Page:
Memphis Commercial Appeal, September 2005

This captivating recent release depicts three different shades of Kurt Weill, the German theater composer who dabbled only a little with major orchestral works. Marin Alsop and the Bournemouth Symphony Orchestra deliver darkly enthusiastic performances of these somber pieces, all "rediscovered" years after their unspectacular premieres. Written just after the First World War, the single-movement Symphony No. 1 has whiffs of Stravinsky and Hindemith. If the confusing politics of postwar Germany are hinted at in his first symphony, they loom large in Symphony No. 2, written in 1933 as Hitler was taking charge and the leftist Weill was about to flee to Paris. While the piece is never too brazen or overwrought, there are enough march-stepping rhythms, and military sentimentality to suggest a dangerous atmosphere. The disc ends with Weill having moved to America and writing Broadway music for Moss Hart and Ira Gershwin. Full of jazzy, sentimental melodies, this concert suite for 1940's "Lady in the Dark" shows Weill in his best element.



The Week Magazine, September 2005

Kurt Weill is best known for his scores for such popular avant-garde theater works as The Threepenny Opera. But he also wrote two rarely played symphonies that are unparalleled windows into “the turbulent political environment in Germany during the 1920s and ’30s,” said Erik Levi in BBC Music Magazine. Weill’s First Symphony (1921) “seems to mirror all the turmoil and suffering” around him. He wrote his Second Symphony (1933–34) in Paris, shortly before fleeing to the United States. It “offers a disturbing mixture of resignation and defiance against the rising tide of fascism.” This disc provides a good measure of conductor Marin Alsop, who leads Britain’s Bournemouth Symphony Orchestra, said David Patrick Stearns in The Philadelphia Inquirer. Recently appointed director of the Baltimore Symphony Orchestra, Alsop shows “her strengths as a musical facilitator, bringing together three minor works to make a major statement.” Alsop thoroughly “commands the craggy, formal terrain,” said Richard Dyer in The Boston Globe. The symphonies are dark, but only in the second does the irony more characteristic of later Weill begin to seep in. Their somber notes conjure the brooding atmosphere of recent history.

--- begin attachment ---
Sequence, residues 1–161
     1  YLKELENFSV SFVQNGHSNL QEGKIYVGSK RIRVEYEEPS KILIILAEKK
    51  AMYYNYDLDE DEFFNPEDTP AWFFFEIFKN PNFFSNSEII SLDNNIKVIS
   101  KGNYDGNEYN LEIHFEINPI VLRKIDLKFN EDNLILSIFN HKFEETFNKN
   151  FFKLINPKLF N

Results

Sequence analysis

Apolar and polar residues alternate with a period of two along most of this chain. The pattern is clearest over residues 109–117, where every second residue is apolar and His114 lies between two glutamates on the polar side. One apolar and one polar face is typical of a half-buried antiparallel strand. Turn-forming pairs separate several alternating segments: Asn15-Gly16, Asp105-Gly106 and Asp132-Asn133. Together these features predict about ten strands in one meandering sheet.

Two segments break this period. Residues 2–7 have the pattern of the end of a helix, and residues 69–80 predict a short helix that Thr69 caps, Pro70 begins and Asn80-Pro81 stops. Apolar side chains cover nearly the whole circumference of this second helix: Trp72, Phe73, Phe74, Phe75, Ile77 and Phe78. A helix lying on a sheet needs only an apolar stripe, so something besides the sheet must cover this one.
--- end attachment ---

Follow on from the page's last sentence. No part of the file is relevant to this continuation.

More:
Gramophone, September 2005

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Bob McQuiston
Classical Lost and Found, September 2005

This was an "Editor's Choice" in Gramophone Magazine (09/05) where it was described as "an intriguing musical side-glance at Kurt Weill's output." The first of his two symphonies is a student work that was written in 1921 and may remind you of Paul Hindemith in a couple of places. The Gramophone reviewer said of Marin Alsop's interpretation, "I have never heard this so confidently played as here." If you find it to your tastes, it will probably require repeated listening to sort out the dense, convoluted mass of anguished, thematic material present. The second was written in 1934 just after the composer fled from Germany to escape the rising tide of Nazism. A lot of laughs, it's not; but, it's first-rate Weill and has similarities to other concurrent works of his as well as hints of what was to come. The program ends on a more mundane, but cheerful note with a concert suite from "Lady in the Dark" arranged by Robert Russell Bennett of Victory at Sea fame. The performances are highly satisfactory, the sound, excellent and the price is right.